The maximum amount of your SSA benefits taxed by the IRS is 85%. Good news, right? Even better news is that the State of Oklahoma does not tax your SSA benefits at all! Now that I have placed a smile on your face, lets clear up a big SSA benefits misconception.

Many rumors abound that individuals can “earn” all the money they want and not withhold FICA and Medicare contributions from their earnings after reaching age 70. This is perhaps a little misconstrued by most people. To clarify, you may earn as much “earned” income as you desire, while drawing your SSA benefits, after age 70 and not be subject to the requirements to return a portion of the SSA benefits for earning above the allowed income limits set by the SSA. 

If you elect to take your benefits at age 62 and continue to work, you may earn $17,640 in 2019 and not repay any benefits. However, for every $2.00 you earn over the limit, SSA deducts $1.00 from your benefits.

If you elect to take your benefits at FRA (full retirement age) and continue to work, you may earn $46,920 in 2019 and not repay any benefits. The SSA will deduct $1.00 in benefits for every $3.00 you earn above the limit.

Don’t play games with your retirement income. Seek professional assistance from a CPA or Certified Financial Planner practitioner. Live your life with confidence and control your future tax liability. 

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How to Qualify for SSA Benefits

One of the largest and most impactful U.S. Government Programs for citizens is the Social Security Administration. Benefits administered by this agency affect most Americans. Let’s look at the various means to realizing these important benefits.

First, there are several ways to qualify for Social Security Benefits:

  1. You can qualify on your own work history.
  2. You may be eligible based on someone else’s work history.
  3. You may be eligible before reaching age 62.

To qualify on your own work history, you generally must have worked (and paid in to the

SSA system) for a period of 40 quarters (3-month periods of employment). Your employer withholds 7.65% of your earnings and remits them to the IRS for allocation to the SSA. (Stay with me; this can get a little confusing.) Your employer is required to match your contribution with 7.65% for a total payment to the SSA of 15.3%. 

The component of the withholding that pertains to your Social Security Benefit is limited in 2019 to the first $132,900 of earned income. The remaining 1.45% of the withholding is designated for the Medicare System which will provide hospitalization, health and prescription benefits, if you elect, when you retire.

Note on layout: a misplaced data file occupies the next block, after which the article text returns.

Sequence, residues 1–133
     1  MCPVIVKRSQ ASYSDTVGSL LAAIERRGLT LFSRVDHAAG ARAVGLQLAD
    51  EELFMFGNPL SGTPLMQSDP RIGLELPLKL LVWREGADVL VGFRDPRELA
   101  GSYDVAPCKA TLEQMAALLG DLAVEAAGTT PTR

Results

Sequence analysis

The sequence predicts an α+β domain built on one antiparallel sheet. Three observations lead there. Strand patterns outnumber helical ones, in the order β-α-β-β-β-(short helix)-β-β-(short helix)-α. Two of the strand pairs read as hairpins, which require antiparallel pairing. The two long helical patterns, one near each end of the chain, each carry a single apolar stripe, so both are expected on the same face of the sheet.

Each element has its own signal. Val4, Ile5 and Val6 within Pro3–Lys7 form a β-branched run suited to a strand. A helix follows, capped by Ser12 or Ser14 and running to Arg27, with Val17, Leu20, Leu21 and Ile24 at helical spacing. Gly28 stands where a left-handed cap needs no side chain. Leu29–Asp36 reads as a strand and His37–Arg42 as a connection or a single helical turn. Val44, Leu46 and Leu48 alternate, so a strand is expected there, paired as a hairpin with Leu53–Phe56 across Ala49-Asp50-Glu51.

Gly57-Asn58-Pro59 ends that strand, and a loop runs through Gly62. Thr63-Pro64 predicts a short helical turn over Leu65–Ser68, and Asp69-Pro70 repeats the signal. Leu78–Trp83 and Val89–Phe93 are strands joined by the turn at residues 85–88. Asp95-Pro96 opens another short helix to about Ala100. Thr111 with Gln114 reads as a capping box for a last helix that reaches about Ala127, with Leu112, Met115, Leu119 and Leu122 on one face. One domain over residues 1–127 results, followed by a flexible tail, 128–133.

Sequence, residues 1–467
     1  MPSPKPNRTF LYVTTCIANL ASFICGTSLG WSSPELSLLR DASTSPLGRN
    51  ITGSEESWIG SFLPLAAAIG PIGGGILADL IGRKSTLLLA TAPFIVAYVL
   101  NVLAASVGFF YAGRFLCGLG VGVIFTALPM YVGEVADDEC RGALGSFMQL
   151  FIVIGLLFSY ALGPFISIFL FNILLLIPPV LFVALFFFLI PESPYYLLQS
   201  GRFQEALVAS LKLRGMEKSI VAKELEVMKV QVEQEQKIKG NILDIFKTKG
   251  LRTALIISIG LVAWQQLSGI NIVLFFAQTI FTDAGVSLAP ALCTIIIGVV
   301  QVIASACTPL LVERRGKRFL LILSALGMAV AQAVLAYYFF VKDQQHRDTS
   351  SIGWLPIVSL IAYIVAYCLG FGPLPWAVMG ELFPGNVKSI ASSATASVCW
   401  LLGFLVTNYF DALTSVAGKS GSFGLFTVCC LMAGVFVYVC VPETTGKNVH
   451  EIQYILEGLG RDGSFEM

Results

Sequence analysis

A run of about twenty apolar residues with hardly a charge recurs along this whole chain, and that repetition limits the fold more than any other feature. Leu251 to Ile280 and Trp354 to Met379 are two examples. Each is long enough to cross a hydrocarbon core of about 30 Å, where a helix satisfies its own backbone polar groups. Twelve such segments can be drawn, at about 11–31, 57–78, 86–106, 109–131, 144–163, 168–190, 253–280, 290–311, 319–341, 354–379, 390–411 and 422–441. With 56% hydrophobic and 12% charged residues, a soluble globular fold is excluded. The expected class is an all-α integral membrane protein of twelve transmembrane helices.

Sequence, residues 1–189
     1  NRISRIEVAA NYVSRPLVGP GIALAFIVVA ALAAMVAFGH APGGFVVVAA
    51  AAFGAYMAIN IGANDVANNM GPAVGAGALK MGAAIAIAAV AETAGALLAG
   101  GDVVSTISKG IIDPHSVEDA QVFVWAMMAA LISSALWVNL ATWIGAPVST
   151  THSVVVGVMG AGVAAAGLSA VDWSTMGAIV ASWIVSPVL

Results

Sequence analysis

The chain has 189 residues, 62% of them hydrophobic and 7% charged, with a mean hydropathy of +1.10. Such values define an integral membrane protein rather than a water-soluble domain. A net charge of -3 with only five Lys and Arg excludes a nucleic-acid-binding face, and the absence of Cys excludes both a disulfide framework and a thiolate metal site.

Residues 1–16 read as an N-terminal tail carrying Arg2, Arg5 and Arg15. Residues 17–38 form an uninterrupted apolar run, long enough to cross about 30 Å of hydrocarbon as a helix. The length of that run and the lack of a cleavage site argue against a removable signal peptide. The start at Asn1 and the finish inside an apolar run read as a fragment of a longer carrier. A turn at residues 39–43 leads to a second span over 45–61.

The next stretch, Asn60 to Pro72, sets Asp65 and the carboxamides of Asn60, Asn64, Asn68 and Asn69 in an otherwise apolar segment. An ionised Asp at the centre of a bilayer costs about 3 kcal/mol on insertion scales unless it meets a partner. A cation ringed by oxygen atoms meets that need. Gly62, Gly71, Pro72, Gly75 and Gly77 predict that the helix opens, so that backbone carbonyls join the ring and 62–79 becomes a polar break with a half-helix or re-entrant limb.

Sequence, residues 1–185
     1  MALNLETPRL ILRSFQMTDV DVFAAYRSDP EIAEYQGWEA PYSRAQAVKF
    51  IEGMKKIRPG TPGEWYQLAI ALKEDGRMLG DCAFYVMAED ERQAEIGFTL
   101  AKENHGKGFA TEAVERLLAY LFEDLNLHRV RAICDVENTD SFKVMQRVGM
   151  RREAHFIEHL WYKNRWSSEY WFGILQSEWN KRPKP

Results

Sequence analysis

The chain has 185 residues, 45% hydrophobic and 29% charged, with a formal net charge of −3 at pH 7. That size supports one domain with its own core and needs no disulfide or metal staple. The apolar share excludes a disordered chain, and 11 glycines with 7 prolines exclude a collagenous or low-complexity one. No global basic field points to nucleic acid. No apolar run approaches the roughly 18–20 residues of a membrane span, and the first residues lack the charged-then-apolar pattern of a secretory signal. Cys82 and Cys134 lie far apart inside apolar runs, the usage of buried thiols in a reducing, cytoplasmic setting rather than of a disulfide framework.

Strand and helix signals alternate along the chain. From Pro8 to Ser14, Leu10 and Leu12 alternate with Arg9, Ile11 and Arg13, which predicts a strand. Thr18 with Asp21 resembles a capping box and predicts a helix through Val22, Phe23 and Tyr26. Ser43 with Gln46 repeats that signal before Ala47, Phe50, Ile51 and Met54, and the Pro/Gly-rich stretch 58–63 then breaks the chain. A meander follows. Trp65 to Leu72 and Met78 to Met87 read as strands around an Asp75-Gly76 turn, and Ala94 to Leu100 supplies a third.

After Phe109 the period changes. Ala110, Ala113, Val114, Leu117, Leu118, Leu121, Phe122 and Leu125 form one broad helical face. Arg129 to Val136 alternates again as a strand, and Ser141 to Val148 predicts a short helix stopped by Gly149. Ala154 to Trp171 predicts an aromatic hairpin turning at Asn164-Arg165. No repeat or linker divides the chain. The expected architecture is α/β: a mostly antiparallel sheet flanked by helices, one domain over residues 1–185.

To earn one (1) credit, which is applied towards your total of forty (40) credits needed to qualify for benefits, you must earn $1,360 in a three-month period to earn one credit. A maximum of four (4) quarters may be earned in a calendar year.

Another means of qualifying for benefits is being married to an individual who paid in SSA benefits during their work history. Assume your spouse worked in a position that provided greater salary than you. During their work history, she earned far more than you. You both are the same age and elect to file for SSA benefits at full retirement age of 66 years.

In our example above, assume your spouse’s benefits are the maximum allowed under the SSA payout formula, $2,861. Your benefits are calculated at $1,000 per month. At first glance, you may not realize that you have an election to make under the SSA regulations. If you have been married to your spouse for ten (10) years or more, you may receive benefits based on their earnings history. To simplify this option, you may be entitled up to one-half (½) of the benefits credited to your spouse or your actual benefits, whichever is higher. In our example, you would have earned $1,000 per month but will be allowed to receive $1,430 per month! This provides your household a 43% increase in your earned benefits.

Lastly, you may receive benefits prior to reaching age 62. This may occur if your spouse predeceased you and your age is 60 (or age 50, if disabled). To mitigate the loss of your spouse’s income, your children may qualify for benefits, too. The children must be younger than 18 years of age or between 18 and 19 years of age while continuing to attend secondary school as a full-time student or age 18 or older and disabled (provided the child was disabled before age 22).

The programs administered by the SSA are complicated to understand for most people. It is critical that you make informed decisions that will provide the greatest impact for your family. Seek out the assistance of a CFP practitioner or a CPA who specializes in these benefits. What you don’t know, can hurt you.